Peer-Reviewed Journal Details
Mandatory Fields
Harding MA, Whelton HP, Shirodaria SC, O'Mullane DM, Cronin MS
Community Dental Health
Is tooth wear in the primary dentition predictive of tooth wear in the permanent dentition? Report from a longitudinal study
Optional Fields
Behaviours diet longitudinal study oral hygiene tooth wear DENTAL EROSION CHILDREN PREVALENCE 14-YEAR-OLD ABRASION
Objectives: To determine the prevalence of tooth wear in the permanent dentition of a sample of 12-year-old school children and establish whether an association exists between tooth wear recorded now and tooth wear recorded in their primary dentition at age five. Design: A prospective cohort study. Methods: At follow-up to a previous study complete data were available for 123 children; fieldwork was conducted in the child's primary school. Measurement of tooth wear used a scoring system modified from the Smith and Knight Tooth Wear Index (TWI). Tooth wear which had progressed to dentine was assessed on the occlusal surfaces of the four first permanent molars, the labial, lingual/palatal and incisal surfaces of the six upper and six lower anterior teeth; a total of 40 scoreable surfaces. Demographic data were collected from the parents, and a questionnaire on oral hygiene habits, diet and behaviours was completed by each child. Results: In total 38% (n=47) of subjects had tooth wear, if incisor teeth only were included, 33% (n=40) had tooth wear and similarly if the occlusal surfaces of molar teeth only were included 10% (n=12) had signs of tooth wear. Gender was significantly associated with tooth wear: males had more tooth wear. The presence of tooth wear with dentine exposed in the primary dentition was significantly associated with tooth wear on the occlusal surfaces of the first permanent molars. Conclusion: Males had more tooth wear than females. An association existed between tooth wear recorded at age 5 and molar tooth wear recorded at age 12. Tooth wear is a lifelong cumulative process and should be recorded in both the primary and permanent dentitions.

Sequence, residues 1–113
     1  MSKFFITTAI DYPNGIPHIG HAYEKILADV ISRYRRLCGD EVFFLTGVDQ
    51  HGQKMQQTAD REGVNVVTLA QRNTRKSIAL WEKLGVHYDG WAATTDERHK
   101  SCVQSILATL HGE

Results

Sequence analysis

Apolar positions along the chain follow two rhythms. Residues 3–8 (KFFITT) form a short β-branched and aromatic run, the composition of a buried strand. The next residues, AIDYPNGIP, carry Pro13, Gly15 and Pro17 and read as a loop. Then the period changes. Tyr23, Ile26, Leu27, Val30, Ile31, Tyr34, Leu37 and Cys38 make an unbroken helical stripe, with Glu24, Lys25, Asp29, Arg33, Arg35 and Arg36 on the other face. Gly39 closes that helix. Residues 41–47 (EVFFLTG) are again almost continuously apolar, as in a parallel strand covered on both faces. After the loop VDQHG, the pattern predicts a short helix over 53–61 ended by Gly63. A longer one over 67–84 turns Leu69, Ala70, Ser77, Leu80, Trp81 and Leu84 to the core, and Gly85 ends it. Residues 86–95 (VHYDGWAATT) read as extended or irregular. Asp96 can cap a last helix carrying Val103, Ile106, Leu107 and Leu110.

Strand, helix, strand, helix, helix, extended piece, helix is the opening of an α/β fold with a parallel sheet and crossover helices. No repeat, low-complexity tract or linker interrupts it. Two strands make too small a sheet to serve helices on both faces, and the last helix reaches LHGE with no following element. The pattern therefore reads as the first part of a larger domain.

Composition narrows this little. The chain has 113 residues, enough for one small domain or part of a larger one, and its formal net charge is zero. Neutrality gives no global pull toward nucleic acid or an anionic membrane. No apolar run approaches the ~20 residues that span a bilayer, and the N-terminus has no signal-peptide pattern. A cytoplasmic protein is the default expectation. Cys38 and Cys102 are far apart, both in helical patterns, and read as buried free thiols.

DOI 10.1922/CDH_2447Harding05
Grant Details